DETROW: What do you think as a critic about the way that dementia is portrayed on screen in this movie?

CASTILLO: It's tough. Actually, I reread Roger Ebert's review from the time in 2004, and he gave the movie three and a half stars, but acknowledged that it's very much a romantic fantasy. And part of the fantasy is that, you know, by repeating your stories, by trying to reconnect with folks who have lost access to their memory, that it can be unlocked. And that's not always the case. And that's a lot harder to deal with than actually getting to enjoy this moment of hope that you get to see in that journey. It would be terrible to lose that. So that's why we have that fantasy. That's why we tell these stories.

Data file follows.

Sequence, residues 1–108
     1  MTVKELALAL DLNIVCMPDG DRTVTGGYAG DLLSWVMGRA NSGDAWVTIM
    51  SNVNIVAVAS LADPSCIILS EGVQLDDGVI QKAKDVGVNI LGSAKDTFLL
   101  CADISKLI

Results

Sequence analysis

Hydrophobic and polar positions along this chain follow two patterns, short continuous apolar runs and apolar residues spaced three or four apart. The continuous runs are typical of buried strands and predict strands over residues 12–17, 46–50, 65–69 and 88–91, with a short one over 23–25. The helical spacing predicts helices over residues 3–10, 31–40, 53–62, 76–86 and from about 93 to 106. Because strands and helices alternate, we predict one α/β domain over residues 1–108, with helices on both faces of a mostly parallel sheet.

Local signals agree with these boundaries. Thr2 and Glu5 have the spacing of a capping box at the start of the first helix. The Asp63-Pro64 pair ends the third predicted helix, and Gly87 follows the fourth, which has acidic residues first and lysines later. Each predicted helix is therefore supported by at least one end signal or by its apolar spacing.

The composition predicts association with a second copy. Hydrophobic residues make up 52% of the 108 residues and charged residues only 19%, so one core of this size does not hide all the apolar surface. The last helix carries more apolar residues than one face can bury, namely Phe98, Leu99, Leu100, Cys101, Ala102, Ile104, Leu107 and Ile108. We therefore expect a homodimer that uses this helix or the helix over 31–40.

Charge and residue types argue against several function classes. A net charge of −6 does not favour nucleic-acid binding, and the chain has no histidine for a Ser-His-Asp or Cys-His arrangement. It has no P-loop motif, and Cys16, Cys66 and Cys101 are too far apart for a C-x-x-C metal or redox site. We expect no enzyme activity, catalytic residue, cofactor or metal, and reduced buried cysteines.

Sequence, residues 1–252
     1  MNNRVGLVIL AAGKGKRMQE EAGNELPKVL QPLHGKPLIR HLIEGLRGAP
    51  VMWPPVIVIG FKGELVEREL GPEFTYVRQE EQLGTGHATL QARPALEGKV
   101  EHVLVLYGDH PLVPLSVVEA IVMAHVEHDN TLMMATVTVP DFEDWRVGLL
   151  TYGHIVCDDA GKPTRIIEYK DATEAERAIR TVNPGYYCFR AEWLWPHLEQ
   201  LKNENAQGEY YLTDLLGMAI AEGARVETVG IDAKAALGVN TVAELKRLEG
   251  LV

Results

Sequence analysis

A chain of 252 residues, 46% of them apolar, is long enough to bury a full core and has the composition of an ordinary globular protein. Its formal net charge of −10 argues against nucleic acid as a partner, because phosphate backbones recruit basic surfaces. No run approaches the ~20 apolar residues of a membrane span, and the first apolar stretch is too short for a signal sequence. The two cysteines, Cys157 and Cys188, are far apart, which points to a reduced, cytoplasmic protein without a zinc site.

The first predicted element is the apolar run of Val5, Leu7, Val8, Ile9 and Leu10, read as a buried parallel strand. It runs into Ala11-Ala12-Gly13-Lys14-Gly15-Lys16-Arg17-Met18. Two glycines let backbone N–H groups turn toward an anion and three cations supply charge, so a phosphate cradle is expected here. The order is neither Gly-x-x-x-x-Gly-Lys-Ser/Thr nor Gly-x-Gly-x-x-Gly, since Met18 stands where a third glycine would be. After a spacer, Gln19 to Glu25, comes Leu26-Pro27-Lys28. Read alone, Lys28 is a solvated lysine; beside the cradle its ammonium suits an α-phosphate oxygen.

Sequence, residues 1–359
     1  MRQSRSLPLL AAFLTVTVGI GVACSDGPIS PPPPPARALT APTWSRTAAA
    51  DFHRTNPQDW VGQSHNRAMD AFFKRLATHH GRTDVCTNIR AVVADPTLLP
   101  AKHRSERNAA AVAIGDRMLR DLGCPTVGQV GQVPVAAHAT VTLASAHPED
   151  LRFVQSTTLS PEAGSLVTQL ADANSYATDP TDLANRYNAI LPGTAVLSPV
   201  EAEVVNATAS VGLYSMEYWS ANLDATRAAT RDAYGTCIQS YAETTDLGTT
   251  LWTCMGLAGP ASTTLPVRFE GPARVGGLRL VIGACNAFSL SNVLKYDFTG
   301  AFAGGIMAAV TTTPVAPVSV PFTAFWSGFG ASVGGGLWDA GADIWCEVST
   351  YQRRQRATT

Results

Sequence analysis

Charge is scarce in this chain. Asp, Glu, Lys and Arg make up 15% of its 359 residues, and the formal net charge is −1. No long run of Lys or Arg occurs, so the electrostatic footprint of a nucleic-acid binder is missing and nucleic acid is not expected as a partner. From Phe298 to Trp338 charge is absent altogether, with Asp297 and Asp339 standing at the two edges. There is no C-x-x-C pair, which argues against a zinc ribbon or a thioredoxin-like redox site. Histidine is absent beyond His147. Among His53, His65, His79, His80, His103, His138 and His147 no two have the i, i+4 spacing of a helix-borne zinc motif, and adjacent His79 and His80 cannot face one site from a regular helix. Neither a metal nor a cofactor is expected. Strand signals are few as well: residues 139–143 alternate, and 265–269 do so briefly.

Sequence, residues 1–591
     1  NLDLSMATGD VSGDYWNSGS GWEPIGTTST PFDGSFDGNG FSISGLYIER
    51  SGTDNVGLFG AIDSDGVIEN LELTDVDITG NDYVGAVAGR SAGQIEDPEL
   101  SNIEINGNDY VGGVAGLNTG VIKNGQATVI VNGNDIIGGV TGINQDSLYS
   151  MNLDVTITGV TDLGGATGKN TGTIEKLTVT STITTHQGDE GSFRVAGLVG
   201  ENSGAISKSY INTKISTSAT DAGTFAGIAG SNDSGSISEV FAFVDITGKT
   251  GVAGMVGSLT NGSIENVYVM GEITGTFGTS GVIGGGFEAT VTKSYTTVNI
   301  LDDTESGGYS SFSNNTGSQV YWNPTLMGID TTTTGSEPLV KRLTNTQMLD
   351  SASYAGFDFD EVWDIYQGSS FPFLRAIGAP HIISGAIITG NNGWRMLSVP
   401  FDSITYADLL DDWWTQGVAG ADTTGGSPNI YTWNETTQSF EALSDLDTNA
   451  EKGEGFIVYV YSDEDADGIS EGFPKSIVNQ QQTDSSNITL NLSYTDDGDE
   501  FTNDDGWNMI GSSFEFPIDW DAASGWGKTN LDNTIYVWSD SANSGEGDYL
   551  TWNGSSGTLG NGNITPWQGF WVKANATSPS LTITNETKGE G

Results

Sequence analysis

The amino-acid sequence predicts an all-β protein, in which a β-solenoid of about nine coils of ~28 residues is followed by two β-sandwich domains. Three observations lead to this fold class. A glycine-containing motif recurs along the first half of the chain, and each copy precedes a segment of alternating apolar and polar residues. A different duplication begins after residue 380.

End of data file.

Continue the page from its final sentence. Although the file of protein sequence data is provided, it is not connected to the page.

DETROW: It's just a real shame that Ryan Gosling and Rachel McAdams really faded away after this movie. We didn't hear much to them.

CASTILLO: (Laughter) Yeah, never to be heard from again. And actually, they were both in theaters last year with "Are You There God? It's Me, Margaret," and, of course, "Barbie."

DETROW: Yeah. That's Monica Castillo, a film critic and the senior film programmer at the Jacob Burns Film Center. Thanks so much.

CASTILLO: Thank you. Transcript provided by NPR, Copyright NPR.

NPR transcripts are created on a rush deadline by an NPR contractor. This text may not be in its final form and may be updated or revised in the future. Accuracy and availability may vary. The authoritative record of NPR’s programming is the audio record.

Scott Detrow is a White House correspondent for NPR and co-hosts the NPR Politics Podcast.